July 20, 2013 by backofthenetjl
Here we have an article from @TypicalBlueMoon, who has written a piece on Southampton under Pochettino.
18th January 2013, the day Nigel Adkins was sacked from Southampton after a very successful two and a half year stint at Southampton, in which the Saints won back to back promotions. There was a huge furore over sacking Adkins as amny fans believed that the club were heading in the right direction under the guidance of the Englishman. Mauricio Pochettino was appointed as the new manager.
Pochettino, like Nigel Adkins, had a successful managerial start to his career. At Espanyol he gained many admirers including Pep Guardiola, who stated, “I feel very close to Espanyol’s style of football”, due to the team’s expansive attacking play. Espanyol were 3rd from bottom in La Liga and Pochettino didn’t had a good start but some divine intervention helped them to finish strongly to achieve a respectable 10th position. In the following campaigns Espanyol finished 11th, 8th and 14th respectively under him. Season 12-13 wasn’t his best of season however, and on the 26th of November 2012 following a 2-0 loss to Getafe, Pochettino left Espanyol. Perhaps Pochettino’s most notable contribution whilst at Espanyol was his revamp of the youth system, and subsequent promotion of many young players into the first team.
Southampton usually played 4-2-3-1 under Pochettino with the fullbacks in more advanced positions. Southampton pressed from the word go, whilst maintaining a high defensive line. The defense were also helpful for the attack as they attempted more long balls under him. The tactic was simple: lose the ball, try to gain it immediately by pressing instead by retreating and waiting for the opponent to lose possession. Unsurprisingly thanks to the kind of football Soton played under Pochettino, they made the highest tackles per game(21.6) and highest interceptions per game (20.5) in Premier league last season. Also, they averaged 10.8 fouls per game. Soton were flexible in their approach too, for example: against Reading they changed their tactics from high pressing to more possession based football.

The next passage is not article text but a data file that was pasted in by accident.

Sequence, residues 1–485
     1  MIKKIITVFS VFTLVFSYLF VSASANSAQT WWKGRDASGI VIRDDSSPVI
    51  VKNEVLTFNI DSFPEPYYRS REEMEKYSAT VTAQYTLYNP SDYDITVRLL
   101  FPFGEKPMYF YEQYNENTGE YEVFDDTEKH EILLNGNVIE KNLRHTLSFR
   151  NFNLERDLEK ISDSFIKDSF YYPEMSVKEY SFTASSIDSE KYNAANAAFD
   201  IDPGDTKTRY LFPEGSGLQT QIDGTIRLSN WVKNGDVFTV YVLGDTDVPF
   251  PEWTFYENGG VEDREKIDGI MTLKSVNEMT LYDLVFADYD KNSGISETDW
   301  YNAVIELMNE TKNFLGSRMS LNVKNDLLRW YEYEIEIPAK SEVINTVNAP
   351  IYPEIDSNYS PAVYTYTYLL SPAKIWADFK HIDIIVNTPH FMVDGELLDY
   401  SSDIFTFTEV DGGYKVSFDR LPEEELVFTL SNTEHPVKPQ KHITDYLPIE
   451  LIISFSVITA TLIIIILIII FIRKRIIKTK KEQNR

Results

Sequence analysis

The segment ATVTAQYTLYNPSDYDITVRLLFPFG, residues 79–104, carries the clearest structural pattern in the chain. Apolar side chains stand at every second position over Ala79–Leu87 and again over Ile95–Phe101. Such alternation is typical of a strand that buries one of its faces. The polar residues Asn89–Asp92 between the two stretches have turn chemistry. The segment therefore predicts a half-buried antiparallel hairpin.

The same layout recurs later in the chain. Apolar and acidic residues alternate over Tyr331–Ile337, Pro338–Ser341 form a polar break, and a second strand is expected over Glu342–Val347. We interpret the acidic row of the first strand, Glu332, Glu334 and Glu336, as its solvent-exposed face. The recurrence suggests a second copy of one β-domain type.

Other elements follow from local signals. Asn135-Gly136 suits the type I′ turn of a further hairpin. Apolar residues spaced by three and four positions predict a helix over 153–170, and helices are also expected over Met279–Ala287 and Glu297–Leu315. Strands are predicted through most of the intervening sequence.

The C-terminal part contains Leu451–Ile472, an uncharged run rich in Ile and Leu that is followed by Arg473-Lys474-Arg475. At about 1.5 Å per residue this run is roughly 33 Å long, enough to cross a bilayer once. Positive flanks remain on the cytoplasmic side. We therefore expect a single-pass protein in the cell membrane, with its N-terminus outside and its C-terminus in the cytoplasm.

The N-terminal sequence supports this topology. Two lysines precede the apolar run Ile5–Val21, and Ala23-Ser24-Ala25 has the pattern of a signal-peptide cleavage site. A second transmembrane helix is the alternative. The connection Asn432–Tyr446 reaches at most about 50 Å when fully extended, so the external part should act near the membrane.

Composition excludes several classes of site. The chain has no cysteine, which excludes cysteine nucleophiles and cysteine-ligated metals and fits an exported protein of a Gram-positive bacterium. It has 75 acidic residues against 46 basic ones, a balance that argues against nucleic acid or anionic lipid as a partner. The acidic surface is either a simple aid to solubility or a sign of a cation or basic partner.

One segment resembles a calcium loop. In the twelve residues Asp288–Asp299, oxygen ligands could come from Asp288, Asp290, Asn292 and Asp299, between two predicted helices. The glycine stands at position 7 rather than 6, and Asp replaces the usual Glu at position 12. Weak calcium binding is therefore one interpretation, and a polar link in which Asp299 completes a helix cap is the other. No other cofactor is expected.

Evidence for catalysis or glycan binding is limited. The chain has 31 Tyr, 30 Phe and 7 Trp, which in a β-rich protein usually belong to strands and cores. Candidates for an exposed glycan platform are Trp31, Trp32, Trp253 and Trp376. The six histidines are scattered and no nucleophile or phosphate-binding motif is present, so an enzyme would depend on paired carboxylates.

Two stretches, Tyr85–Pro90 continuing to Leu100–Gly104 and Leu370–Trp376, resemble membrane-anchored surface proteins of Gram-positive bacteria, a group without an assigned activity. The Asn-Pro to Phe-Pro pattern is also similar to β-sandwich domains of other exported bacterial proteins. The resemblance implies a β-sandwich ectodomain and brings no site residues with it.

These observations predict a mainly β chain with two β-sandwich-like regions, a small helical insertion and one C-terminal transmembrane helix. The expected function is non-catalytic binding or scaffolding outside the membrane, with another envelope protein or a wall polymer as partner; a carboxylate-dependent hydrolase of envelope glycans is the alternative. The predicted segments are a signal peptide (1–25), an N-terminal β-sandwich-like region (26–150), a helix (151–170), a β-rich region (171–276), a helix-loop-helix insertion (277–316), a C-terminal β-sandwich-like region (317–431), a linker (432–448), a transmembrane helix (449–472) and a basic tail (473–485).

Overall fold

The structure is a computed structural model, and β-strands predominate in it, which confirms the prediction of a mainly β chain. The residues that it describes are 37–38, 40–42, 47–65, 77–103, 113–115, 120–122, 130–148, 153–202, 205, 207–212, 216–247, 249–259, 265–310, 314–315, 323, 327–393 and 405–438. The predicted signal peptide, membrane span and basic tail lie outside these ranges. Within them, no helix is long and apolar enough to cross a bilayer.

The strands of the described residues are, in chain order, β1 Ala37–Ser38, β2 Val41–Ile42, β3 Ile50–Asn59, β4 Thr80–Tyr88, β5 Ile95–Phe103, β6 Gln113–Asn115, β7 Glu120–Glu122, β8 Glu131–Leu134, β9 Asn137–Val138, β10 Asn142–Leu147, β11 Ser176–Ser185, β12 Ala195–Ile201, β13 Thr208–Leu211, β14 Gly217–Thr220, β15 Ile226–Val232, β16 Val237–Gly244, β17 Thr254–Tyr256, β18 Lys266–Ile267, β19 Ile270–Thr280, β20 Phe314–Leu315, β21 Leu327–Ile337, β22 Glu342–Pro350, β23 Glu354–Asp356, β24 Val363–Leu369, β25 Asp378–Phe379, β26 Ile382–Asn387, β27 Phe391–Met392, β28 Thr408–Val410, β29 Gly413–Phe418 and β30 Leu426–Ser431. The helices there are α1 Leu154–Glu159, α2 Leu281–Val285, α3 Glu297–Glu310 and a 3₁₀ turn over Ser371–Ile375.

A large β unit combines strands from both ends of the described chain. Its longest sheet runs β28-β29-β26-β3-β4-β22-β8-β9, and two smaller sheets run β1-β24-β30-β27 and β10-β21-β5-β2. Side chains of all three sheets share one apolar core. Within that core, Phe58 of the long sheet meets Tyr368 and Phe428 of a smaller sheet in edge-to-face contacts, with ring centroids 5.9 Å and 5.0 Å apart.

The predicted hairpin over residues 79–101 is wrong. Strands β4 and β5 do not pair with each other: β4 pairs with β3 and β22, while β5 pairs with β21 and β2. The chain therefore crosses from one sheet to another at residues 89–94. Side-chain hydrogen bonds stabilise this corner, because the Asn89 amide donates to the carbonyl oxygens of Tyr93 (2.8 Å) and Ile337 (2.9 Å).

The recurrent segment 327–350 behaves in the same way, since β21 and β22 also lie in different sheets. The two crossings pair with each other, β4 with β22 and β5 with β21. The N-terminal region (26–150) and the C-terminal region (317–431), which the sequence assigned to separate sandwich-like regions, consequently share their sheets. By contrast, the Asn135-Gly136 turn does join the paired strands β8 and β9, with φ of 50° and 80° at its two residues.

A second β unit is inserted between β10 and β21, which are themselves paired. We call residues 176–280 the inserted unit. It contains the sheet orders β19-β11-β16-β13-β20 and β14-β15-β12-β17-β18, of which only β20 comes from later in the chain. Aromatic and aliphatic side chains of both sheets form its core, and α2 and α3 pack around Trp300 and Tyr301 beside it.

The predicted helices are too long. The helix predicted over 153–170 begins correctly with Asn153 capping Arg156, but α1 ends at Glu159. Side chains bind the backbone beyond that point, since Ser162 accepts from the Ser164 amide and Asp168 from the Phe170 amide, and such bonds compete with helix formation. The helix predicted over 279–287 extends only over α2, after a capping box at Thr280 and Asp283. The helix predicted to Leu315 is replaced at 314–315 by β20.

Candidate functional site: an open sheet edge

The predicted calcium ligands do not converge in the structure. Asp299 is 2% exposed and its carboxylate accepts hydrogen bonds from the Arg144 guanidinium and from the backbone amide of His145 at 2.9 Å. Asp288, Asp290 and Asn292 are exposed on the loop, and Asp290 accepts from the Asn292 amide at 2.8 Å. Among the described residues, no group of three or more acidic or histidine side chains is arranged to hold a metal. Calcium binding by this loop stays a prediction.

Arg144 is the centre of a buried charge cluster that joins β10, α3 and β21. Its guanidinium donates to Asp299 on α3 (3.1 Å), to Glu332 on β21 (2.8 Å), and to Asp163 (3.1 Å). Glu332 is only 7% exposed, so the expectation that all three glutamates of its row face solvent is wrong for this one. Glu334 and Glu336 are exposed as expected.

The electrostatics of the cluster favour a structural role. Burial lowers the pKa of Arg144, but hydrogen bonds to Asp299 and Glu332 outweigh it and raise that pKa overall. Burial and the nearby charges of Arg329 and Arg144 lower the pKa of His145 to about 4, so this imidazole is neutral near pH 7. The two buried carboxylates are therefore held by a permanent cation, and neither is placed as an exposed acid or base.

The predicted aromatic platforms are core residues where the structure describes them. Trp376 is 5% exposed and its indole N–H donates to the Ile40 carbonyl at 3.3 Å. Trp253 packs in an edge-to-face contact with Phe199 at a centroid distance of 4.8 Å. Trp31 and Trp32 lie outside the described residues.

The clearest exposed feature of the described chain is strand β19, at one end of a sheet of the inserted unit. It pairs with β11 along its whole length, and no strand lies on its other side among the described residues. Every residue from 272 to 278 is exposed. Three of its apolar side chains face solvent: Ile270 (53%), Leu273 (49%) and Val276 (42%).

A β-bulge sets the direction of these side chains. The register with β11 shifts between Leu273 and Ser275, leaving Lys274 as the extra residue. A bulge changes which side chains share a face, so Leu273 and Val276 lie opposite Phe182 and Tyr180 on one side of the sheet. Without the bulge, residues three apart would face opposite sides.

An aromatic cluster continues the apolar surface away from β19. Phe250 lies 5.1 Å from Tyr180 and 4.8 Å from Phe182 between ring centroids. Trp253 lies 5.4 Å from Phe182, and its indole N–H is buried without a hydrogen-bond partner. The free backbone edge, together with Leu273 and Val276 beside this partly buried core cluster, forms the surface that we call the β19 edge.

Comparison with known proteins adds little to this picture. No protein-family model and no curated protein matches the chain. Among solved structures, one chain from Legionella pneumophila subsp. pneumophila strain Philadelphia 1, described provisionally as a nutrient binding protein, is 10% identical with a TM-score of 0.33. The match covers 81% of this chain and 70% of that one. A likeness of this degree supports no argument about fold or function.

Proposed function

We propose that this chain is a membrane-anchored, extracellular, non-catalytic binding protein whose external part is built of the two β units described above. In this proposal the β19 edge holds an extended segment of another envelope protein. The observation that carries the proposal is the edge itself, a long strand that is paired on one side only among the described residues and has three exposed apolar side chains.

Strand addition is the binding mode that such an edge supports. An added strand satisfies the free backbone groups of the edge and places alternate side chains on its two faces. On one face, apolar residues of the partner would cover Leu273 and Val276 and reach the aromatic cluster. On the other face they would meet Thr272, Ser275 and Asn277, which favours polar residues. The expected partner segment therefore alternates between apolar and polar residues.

Here’s a comparison of how teams fared against Southampton’s pressing football under Pochettino:
A key component in Pochettino’s pressing machine has been Schneiderlin, a player whose influence on the team cannot be undermined. Here is a numerical look at his 2012-13 season:
Pochettino has had a good start to his Southampton career, in spite of flirting with the relegation zone at one point. With new signings like Wanyama and Lovren, we can expect them to push on next season finish around mid table and who knows? even inside the top 10.
Special thanks to Soham Kamat for the graphics.
Follow Sid on twitter: @TypicalBlueMoon
Follow me on twitter: @DisguisedPass